Here’s an idea:  Let’s take a page out of our parenting manuals and get ahead of the growth curve we are seeing.  We should dispense with the current and historical dialogue and thinking and consider what our REAL futures will be.  Then we can build an entire thought leadership strategy that not only prepares us for this coming of age, but enables us to drive it.   In the coming weeks, I will be reaching out to many of you about joining an initiative that will ensure your own success in the Consumer Chain.  I am excited about this and look forward to talking with you.

Rob Hand

Author Rob Hand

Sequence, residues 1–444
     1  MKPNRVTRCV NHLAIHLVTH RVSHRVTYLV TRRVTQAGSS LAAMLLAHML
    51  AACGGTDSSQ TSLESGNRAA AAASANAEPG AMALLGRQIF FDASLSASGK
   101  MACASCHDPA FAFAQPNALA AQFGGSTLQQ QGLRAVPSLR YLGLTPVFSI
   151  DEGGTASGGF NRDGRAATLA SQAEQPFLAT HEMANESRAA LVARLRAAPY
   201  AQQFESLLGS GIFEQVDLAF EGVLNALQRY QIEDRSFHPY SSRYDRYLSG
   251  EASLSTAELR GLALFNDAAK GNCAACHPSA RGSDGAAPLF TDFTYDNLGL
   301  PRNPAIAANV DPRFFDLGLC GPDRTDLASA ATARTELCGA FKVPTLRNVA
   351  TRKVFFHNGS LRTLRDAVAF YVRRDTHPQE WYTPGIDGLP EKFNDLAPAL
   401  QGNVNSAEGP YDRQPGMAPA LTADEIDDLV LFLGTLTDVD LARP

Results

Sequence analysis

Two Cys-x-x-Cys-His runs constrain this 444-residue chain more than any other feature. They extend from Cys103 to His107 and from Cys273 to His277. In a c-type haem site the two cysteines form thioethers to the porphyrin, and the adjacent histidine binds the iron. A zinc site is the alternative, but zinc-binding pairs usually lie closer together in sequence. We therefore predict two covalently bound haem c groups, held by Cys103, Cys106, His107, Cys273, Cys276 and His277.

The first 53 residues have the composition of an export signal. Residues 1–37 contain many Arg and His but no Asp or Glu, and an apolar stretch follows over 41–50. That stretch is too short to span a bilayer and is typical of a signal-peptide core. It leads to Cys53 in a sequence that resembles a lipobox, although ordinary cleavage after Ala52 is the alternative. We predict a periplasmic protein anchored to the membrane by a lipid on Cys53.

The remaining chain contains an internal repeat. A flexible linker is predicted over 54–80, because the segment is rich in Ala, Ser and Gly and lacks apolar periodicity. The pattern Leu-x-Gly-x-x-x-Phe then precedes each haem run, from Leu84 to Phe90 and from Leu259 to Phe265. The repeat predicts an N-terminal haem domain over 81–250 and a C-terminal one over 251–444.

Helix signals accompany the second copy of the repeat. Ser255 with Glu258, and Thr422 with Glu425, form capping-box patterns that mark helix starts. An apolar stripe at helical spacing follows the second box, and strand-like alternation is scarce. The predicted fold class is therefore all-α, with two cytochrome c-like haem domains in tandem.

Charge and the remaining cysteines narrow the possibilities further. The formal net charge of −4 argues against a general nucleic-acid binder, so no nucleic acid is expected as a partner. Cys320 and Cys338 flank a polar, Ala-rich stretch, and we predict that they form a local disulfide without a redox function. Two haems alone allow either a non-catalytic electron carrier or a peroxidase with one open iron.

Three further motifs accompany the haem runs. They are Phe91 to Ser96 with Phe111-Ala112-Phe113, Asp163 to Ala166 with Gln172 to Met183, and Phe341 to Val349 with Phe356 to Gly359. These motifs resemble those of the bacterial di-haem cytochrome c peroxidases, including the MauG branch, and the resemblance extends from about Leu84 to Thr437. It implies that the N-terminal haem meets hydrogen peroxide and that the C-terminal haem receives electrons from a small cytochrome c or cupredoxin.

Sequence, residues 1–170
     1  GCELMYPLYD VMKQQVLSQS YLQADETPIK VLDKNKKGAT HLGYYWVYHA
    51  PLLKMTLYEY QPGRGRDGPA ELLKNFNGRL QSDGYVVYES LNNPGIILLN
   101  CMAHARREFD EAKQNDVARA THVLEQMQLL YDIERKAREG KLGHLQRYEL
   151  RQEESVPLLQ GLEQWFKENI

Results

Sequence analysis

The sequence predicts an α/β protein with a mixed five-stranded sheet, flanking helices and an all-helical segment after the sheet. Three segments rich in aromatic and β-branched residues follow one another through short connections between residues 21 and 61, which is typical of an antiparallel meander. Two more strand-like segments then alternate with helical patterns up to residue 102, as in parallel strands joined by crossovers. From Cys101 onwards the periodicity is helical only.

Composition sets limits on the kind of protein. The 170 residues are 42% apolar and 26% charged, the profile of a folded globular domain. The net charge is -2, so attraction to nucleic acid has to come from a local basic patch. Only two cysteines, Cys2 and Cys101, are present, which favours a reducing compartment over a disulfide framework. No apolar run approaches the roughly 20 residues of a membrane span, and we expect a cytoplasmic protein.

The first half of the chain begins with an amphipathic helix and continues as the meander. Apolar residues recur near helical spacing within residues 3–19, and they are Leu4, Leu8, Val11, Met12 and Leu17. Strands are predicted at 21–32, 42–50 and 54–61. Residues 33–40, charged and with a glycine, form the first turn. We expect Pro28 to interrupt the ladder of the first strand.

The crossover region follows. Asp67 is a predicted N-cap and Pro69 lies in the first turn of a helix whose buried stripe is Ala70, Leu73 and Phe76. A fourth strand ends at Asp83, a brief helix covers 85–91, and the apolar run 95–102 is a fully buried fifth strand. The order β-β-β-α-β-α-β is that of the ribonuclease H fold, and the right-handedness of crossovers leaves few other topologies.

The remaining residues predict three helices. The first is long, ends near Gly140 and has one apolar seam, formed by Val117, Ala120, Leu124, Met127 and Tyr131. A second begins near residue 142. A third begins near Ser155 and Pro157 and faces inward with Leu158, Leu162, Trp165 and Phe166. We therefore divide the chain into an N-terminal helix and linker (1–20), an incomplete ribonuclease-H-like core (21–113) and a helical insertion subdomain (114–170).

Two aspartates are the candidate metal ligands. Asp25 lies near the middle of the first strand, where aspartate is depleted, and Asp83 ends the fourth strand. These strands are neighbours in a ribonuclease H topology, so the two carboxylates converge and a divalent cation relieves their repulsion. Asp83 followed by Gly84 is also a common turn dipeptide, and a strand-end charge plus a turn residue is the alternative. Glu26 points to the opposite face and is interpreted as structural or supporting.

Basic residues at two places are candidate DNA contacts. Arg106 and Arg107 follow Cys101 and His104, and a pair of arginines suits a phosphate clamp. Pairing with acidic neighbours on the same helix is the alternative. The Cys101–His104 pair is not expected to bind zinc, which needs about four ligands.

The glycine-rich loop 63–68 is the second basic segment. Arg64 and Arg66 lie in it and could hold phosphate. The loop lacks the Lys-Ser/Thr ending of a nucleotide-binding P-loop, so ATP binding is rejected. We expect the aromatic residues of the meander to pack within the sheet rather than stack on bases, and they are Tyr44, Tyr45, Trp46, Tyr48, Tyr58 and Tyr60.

For most of my career, I have worked in four industries: Consumer Products, High Technology, Retail and Wholesale/Distribution. I was fortunate to begin my career with of one of the oldest channel promotion management companies in the world where I cut my teeth on the heart of consumer marketing around the business processes of co-op advertising, trade promotion and market development. Within consumer products, I covered all major sectors including fast moving consumer goods, fashion, DIY/Hardware, home furnishings, consumer electronics, retail telecom, oil & gas retail, automotive and beer/wine/spirits. I have formed and brought to successful outcomes three companies focused on these business processes and technology. I have worked with companies like Frito-Lay, Southwest Airlines, Intel, Hewlett-Packard, IBM, Nike, Sealy, Hanes, SABMiller, Anheuser-Busch and so many more – all of whom enabled me to build a strong cross-industry and cross-line of business viewpoint. I have guided the industry strategy and product management for companies like SAP and Oracle. Each of those companies gave me unique insights that have helped forge the way I look at every aspect of the consumer chain. My career has also provided me with a drive to be realistic in my analyses of observations and a pragmatic view of solutions. My parents blessed me with a penchant for hard work and an attitude that honesty is the always the best policy. I am a musician and a former NCAA football and basketball official; and I have a wonderful wife and children who continue to teach me something new every single day. I consider my opportunity with Lora Cecere and Supply Chain Insights as an excellent and inevitable channel to provide guidance, counsel and advice to a transforming group of industry leaders.